Exceptions

You cannot ask for a warrant of possession to be postponed in some circumstances.

You cannot ask for a postponement where a possession order has been made based on a notice to vacate for:

  • Causing serious damage, either deliberately or recklessly [section 91ZI]
  • Causing danger to neighbours, the rental provider, or agent, or a contractor or employee of the rental provider or agent [section 91ZJ]
  • Being threatening or intimidating to the rental provider, or agent, or a contractor or employee of the rental provider or agent [section 91ZK]
  • Where the property is destroyed or unfit for human habitation [section 91ZL]

While you cannot ask for a warrant of possession to be postponed, you can still ask VCAT to set a vacate date in the possession order that gives you a similar postponement [section 352]. VCAT can set the vacate date in a possession order 30 days from the date the order is actually made, which can give you more time to move out [section 333].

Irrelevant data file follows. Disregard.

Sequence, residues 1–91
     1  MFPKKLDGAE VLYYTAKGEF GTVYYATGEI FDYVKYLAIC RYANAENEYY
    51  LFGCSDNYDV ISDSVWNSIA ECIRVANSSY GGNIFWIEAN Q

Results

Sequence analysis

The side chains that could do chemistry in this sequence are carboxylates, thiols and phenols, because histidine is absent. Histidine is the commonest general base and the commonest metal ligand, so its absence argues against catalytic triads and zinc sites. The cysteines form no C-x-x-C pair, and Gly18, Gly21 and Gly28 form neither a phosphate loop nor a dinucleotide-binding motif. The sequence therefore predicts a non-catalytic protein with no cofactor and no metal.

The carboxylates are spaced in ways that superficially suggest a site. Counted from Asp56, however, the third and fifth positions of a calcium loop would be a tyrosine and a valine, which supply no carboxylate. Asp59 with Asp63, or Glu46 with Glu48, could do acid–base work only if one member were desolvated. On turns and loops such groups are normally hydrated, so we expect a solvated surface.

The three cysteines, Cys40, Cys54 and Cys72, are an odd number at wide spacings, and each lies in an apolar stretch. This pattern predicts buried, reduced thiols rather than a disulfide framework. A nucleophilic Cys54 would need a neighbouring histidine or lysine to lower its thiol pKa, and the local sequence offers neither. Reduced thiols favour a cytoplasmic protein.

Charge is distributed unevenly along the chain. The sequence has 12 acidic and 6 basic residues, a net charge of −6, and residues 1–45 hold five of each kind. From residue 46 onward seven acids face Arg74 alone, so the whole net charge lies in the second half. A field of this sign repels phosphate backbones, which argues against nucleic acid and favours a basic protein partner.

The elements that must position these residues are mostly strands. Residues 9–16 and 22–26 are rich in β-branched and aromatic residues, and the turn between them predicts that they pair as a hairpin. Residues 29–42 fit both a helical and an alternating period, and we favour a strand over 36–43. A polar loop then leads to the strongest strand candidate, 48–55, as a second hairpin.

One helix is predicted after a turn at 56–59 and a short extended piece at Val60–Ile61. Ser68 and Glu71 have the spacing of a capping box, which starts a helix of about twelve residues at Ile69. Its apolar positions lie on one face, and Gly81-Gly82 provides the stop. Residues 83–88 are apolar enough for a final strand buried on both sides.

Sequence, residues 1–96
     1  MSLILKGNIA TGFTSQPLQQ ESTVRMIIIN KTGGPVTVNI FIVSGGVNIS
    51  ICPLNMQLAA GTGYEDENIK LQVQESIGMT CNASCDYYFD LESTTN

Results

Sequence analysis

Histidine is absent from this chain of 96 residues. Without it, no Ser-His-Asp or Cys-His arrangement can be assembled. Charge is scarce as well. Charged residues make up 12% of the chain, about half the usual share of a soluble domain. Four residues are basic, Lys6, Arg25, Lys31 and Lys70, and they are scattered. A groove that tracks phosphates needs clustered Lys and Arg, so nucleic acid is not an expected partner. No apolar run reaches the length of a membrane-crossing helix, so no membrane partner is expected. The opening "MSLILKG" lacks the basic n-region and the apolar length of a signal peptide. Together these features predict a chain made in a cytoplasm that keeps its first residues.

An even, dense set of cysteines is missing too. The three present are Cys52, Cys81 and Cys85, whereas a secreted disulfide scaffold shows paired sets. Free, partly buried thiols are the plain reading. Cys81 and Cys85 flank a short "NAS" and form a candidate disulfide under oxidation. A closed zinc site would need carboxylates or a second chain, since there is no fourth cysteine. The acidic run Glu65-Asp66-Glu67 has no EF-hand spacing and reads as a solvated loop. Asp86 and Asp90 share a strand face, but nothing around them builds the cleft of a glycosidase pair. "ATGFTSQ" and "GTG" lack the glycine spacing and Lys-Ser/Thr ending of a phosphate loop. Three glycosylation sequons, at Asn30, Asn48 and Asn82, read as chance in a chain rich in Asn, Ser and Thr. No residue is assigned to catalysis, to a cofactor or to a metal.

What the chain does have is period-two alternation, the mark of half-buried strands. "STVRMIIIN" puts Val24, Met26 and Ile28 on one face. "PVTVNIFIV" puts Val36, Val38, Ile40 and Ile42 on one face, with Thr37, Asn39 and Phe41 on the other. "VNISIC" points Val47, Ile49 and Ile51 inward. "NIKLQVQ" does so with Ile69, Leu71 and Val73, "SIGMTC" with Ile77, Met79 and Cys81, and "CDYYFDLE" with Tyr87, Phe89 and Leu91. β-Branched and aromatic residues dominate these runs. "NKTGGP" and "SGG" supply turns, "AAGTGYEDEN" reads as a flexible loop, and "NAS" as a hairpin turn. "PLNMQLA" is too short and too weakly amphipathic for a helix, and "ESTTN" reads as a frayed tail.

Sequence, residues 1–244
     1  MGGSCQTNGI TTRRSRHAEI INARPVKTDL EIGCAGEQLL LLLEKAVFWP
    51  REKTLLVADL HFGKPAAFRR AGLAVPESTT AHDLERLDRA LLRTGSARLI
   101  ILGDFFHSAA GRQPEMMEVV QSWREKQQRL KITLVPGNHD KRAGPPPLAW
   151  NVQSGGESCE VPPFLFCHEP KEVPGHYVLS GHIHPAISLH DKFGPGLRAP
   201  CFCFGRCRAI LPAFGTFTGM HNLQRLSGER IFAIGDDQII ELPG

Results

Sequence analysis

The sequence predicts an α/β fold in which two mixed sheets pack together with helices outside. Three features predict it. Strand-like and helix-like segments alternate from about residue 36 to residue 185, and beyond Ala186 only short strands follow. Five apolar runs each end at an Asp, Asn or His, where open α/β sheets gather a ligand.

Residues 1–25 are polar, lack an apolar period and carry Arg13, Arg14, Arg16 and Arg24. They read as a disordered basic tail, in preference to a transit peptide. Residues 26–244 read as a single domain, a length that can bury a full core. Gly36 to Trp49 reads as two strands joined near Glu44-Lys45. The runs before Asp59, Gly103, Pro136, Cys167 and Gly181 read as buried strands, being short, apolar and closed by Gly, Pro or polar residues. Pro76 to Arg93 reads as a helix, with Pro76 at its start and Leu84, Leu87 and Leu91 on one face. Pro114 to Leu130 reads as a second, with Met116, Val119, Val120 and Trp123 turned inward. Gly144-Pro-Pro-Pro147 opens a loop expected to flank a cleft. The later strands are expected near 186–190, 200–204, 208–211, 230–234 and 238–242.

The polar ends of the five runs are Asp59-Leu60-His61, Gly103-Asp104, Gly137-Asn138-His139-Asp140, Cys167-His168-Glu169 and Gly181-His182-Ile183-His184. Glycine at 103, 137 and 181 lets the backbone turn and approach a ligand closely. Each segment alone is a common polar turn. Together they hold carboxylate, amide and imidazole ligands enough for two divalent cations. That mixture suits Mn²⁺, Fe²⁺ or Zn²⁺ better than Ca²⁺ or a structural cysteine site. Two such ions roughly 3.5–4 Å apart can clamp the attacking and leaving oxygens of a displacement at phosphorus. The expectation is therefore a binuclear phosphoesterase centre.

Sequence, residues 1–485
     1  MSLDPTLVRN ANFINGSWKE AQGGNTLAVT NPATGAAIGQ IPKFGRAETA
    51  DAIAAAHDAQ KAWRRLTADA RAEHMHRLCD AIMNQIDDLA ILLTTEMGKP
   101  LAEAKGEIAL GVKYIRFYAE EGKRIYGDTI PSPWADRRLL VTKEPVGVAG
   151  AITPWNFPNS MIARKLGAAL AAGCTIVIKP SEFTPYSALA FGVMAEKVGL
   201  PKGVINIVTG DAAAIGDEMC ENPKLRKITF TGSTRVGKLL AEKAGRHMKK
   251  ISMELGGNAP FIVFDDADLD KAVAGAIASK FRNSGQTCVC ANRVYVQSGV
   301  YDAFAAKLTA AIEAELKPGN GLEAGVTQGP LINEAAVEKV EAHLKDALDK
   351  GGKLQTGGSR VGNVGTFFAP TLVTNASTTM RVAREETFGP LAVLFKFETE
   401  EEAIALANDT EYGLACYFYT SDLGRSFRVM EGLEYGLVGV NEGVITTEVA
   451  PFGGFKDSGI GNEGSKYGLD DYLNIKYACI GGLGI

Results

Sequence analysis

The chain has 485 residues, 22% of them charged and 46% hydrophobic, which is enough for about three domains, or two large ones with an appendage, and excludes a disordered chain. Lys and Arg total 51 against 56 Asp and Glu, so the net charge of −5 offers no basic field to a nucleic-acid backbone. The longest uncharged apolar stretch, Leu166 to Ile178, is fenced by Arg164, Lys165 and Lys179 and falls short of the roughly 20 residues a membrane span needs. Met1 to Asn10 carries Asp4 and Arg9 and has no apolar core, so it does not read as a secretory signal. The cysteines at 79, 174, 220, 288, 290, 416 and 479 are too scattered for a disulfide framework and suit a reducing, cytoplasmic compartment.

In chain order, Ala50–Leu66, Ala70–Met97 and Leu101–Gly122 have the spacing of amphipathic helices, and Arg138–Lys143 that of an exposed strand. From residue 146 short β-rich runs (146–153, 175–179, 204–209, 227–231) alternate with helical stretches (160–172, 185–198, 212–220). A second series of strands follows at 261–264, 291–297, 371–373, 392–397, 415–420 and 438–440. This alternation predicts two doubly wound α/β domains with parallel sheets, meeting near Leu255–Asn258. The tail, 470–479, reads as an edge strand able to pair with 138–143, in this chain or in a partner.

Review hearings

If you find out that a possession order has been granted but you did not go to the hearing, you can apply to VCAT for a rehearing or a review [section 120, Victorian Civil and Administrative Tribunal Act 1998]. You must do this before the police evict you. This is because once you have been legally evicted VCAT has no power to allow you back into the property.

If possible, you should apply for an urgent review hearing by going to VCAT in person. If you live in the country or cannot get to VCAT, you should phone VCAT on 1300 018 228 and ask them how to apply for a review hearing, or contact us for advice.